Once the location and size have been determined, kill out any grass or weeds in the garden’s location. Although you can use a chemical product to remove vegetation, a more organic way that the area can be cleared is by laying black plastic over the area for a few days.

 

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Once the area is stripped of vegetation, then experts advise the soil be tested for its ability to efficiently drain. Dig a hole that is about 12 inches deep.( If you have underground utilities, PLEASE call for locate service BEFORE you dig!)  Fill the hole with water and let the water drain. Once the hole has completely drained, then fill it with water again. The second time, the water should drain at a rate of at least ½ inch per hour. If it drains at a slower rate, then you will need to improve the soil by amending it after you have dug the bed but before you begin planting.

 

 

To amend soil that does not drain properly, remove the soil to twice the actual depth of the garden. If your garden will be 6” deep, then dig down 12”. Fill the bottom half with a mixture of sand, topsoil and humas. The sand should be about 50% of the mixture and the topsoil and humas each 25%. If the soil is heavy clay, make sure that you add both the topsoil and humas at the same time you add the sand. Sand alone in heavy clay will result in a concrete-like substance that will not absorb water.

 

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A well-designed rain garden has several zones that help it to efficiently and effectively handle stormwater runoff. The lowest point of the garden, where the water collects and stands until it drains is called the Settling Basin. It is a level area, usually about 6 – 8” deep and will remain the wettest after a rain. Plants and soil here act as filters to help naturally clean the water.

 

 

The area around the basin is the transition zone. It encompasses the upper and lower slopes of the depression as well as the bioswale and has the purpose of moving water towards the basin. Because it is a sloped surface, the transition zone will dry out more quickly than basin.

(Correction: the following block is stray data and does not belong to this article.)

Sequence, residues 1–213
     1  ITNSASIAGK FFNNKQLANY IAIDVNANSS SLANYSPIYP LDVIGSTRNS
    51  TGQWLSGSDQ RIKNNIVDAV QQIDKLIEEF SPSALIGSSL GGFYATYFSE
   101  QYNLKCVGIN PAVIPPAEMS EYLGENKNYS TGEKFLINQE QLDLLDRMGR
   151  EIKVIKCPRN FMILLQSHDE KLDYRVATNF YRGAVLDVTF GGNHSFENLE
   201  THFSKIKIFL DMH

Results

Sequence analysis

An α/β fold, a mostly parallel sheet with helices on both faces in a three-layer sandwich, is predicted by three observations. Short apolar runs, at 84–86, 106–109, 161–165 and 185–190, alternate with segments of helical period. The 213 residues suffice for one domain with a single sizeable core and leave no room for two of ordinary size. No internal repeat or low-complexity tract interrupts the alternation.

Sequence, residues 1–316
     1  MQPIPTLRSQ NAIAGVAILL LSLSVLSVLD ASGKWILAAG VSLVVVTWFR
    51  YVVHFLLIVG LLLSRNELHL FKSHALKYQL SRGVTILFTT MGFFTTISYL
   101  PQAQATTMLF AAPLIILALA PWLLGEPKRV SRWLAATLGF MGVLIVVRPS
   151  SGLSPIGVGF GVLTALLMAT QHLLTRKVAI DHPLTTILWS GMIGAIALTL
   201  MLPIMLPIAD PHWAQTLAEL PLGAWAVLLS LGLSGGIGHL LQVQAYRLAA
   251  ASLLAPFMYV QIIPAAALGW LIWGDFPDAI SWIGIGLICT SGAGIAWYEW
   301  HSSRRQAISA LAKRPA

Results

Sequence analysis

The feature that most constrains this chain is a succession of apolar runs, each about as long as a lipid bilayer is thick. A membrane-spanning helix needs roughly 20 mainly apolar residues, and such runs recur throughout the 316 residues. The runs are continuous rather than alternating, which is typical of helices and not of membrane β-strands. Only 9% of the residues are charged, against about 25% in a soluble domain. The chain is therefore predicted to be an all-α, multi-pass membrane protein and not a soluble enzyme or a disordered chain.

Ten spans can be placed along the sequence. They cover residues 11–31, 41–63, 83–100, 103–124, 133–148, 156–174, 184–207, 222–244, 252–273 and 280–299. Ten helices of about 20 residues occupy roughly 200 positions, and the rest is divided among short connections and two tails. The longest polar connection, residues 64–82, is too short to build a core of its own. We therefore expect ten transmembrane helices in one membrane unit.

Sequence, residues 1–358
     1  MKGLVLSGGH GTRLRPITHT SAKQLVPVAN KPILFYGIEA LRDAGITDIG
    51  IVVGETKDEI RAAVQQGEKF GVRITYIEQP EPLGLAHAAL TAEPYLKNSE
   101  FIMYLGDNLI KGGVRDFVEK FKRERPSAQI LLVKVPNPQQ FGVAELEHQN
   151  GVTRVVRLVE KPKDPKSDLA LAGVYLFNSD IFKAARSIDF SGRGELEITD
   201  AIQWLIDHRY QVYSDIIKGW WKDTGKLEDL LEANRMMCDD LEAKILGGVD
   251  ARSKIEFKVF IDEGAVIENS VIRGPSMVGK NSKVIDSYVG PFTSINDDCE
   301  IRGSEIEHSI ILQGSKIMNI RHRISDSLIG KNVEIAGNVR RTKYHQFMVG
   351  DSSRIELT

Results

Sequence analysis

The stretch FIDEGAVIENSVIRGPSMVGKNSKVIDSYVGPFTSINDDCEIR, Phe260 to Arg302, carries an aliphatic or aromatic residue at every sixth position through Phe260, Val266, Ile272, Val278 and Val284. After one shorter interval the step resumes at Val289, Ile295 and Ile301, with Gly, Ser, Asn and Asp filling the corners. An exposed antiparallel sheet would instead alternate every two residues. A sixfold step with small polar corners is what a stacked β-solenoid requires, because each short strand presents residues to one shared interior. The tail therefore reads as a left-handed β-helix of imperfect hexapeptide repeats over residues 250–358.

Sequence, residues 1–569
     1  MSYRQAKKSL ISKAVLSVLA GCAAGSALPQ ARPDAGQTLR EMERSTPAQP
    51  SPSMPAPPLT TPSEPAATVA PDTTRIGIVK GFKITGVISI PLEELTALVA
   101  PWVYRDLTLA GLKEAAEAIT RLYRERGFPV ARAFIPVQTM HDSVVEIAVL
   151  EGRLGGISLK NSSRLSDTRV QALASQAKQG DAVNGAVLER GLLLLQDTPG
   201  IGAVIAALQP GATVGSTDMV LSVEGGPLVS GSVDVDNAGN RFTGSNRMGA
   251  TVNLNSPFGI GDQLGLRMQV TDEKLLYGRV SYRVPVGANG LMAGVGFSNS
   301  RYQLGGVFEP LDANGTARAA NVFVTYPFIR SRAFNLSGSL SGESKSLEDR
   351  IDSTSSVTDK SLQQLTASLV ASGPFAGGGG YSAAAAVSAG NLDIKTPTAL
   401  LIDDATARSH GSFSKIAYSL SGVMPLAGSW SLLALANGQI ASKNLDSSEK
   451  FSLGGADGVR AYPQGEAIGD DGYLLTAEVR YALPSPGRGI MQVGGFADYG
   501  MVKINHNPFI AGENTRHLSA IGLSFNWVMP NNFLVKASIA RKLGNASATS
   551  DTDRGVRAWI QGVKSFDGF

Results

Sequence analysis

If the rain garden is installed on a slope, it will need a berm on the downhill side to capture draining water and hold it in the basin. Soil from the garden’s excavation can be used for the berm, or other natural materials can be used for aesthetic purposes. Berms often have small notches cut into them to act as overflow outlets in case of extremely high water after a heavy storm. The spillway should direct the excess water towards the traditional sewer system.

 

 

Rain gardens are typically designed using native plant materials. Although natives are less likely to need the pampering that ornamentals do, it is still important to select the right plant for the right area. For example, plant material in the basin area  must be able to tolerate occasional “wet feet,” while slope plants may need to tolerate somewhat drier conditions. The Missouri Botanical Garden’s website has a thorough listing of rain garden plants appropriate for both wet and dry area. After planting, mulch the bed with untreated hardwood mulch to protect the soil from eroding.Newly planted beds will need to be regularly watered until they become established. Once they begin growing, regular watering isn’t necessary unless there is a dry spell.

 

 

On average, here in Missouri we receive between 36 and 46 inches of rainfall per year. According to Penn State Extension Service, “1 inch of rain on a 1000 square foot roof yields 623 gallons of water.”  36 inches of rain on that same roof would yield 22,428 gallons of runoff or the equivalent of about 224 full bathtubs! That is an enormous amount of stormwater runoff pouring onto our lawns, driveways and sidewalks.  A rain garden can absorb as much as 30% more water than the same size lawn area. Given these numbers, it seems to me that rain gardens are just the right thing to do.

 

 

The design staff at Embassy Landscape Group are experts at designing and installing rain gardens that are both beautiful and fully functional. Give them a call today; let them give you the perfect rain garden for your property. You’ll be glad that you did — and so will the planet!